Chinese tourists warned over behaviour abroad
A senior Chinese Communist Party official has called for Chinese tourists to behave more politely when travelling abroad.
Wang Yang, one of China's four vice-premiers, said the "uncivilised behaviour" of some Chinese tourists was harming the country's image.
Among problems he singled out were talking loudly in public and spitting.
However, the BBC's Celia Hatton in Beijing says some Chinese complain they are treated badly abroad.
Foreign travel is becoming ever more popular among China's increasingly affluent citizens.
Chinese tourists spent $102bn (£67bn) overseas last year, up 40% on the year before, and the UN World Tourism Organisation says China is now the single biggest source of global tourism income.
Mr Wang's words were published on the website of the People's Daily, the Chinese Communist Party's main newspaper.
"Improving the civilised quality of the citizens and building a good image of Chinese tourists are the obligations of governments at all levels and relevant agencies and companies," he said.
Mr Wang advised authorities to "guide tourists to conscientiously abide by public order and social ethics, respect local religious beliefs and customs, mind their speech and behaviour... and protect the environment".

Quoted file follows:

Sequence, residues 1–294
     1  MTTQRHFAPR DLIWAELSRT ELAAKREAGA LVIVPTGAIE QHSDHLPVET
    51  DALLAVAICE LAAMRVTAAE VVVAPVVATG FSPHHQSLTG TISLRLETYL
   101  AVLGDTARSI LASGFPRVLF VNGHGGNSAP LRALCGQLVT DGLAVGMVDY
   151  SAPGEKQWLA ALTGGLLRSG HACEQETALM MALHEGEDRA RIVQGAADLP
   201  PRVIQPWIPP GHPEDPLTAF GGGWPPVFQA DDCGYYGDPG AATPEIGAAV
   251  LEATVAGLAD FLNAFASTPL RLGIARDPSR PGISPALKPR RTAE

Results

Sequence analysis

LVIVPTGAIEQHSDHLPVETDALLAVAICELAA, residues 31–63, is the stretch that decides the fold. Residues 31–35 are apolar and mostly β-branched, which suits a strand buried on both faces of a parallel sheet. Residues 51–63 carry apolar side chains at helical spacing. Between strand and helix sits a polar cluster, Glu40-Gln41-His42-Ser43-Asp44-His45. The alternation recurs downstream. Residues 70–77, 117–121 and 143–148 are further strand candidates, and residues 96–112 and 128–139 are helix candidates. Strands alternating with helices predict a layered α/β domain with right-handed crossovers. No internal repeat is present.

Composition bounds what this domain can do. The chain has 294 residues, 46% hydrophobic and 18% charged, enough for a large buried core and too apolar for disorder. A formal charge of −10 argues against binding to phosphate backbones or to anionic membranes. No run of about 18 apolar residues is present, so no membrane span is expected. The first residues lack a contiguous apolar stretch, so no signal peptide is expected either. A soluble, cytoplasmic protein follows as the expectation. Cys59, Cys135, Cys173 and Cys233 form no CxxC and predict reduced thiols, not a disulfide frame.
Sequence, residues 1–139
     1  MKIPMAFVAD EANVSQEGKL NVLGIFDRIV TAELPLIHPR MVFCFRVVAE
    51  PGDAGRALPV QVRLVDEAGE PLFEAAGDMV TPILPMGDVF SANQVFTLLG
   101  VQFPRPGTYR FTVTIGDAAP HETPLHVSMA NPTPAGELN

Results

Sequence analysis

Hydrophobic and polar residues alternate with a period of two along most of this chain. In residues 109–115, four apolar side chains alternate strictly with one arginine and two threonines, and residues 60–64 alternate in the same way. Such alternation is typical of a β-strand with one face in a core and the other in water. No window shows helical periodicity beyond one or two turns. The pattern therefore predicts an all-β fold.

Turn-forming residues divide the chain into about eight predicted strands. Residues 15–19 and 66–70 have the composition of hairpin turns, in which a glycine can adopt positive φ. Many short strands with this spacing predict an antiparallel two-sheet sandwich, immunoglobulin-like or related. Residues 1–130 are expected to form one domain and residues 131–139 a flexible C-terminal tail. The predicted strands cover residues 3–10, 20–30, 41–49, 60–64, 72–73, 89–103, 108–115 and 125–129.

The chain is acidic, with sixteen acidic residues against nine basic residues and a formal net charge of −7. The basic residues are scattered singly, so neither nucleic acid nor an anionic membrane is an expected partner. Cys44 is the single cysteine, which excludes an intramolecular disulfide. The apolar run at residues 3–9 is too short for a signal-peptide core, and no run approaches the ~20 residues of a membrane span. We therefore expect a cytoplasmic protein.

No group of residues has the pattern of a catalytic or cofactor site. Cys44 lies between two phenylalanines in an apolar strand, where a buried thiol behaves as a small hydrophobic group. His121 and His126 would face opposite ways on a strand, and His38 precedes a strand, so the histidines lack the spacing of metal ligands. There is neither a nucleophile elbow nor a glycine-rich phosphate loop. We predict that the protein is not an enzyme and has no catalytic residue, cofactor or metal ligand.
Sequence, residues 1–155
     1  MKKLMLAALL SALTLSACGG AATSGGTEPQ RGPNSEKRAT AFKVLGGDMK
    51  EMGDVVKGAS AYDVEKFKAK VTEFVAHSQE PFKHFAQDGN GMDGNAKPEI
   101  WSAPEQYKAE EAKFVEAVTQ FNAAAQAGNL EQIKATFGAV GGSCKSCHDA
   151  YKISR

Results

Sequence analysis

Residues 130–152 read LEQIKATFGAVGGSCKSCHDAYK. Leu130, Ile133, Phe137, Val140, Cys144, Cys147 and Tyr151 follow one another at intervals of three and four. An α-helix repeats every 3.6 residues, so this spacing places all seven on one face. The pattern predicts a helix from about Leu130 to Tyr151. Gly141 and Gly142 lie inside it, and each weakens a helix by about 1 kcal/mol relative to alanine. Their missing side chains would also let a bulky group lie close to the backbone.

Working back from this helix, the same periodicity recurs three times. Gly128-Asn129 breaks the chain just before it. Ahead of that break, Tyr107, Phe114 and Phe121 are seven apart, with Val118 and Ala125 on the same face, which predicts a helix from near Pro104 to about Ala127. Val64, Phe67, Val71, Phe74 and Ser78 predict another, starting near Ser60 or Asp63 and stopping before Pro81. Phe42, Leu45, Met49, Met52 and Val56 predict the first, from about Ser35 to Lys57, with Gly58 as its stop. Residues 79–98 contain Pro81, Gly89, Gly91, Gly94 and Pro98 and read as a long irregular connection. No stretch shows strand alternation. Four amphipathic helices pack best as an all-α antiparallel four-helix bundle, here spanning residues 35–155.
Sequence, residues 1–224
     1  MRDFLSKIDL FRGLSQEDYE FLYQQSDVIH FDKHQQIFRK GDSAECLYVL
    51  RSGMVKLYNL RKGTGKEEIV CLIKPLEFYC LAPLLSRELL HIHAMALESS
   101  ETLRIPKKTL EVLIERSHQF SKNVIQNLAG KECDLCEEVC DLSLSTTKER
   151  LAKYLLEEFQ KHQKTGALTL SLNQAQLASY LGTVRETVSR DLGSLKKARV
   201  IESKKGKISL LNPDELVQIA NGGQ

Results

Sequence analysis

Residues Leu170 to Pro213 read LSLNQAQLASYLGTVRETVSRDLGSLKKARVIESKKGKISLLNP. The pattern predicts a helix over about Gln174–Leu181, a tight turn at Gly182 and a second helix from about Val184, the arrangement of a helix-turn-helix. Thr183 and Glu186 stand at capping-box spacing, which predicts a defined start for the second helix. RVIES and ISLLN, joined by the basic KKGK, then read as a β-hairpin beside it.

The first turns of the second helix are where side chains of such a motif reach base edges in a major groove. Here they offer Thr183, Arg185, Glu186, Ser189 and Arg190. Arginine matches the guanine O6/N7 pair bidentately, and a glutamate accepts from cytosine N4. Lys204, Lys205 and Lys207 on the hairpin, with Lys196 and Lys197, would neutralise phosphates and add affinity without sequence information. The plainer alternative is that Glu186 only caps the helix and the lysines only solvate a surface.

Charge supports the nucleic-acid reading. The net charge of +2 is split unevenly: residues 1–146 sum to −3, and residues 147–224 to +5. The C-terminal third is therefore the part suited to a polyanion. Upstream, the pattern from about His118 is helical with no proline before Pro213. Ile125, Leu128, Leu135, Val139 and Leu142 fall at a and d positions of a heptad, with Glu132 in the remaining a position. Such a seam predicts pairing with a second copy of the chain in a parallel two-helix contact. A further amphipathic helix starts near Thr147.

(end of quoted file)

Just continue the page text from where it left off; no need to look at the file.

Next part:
Mr Wang's criticism has brought a mixed response on Weibo, China's version of Twitter, our correspondent reports.
"It's time to send a warning to ourselves," one user posted. "As Chinese people get richer, our behaviour gets worse."
However, others argue that a senior member of the Communist Party - which is dealing with a raft of corruption scandals - is not in a position to judge the behaviour of others.
Many in China say they are treated like second-class citizens when they travel abroad and local media is full of stories of Chinese tourists who have been robbed, our correspondent adds.
Earlier this year, officials in China's eastern province of Jiangsu warned citizens against carrying large amounts of money with them or flashing expensive jewellery.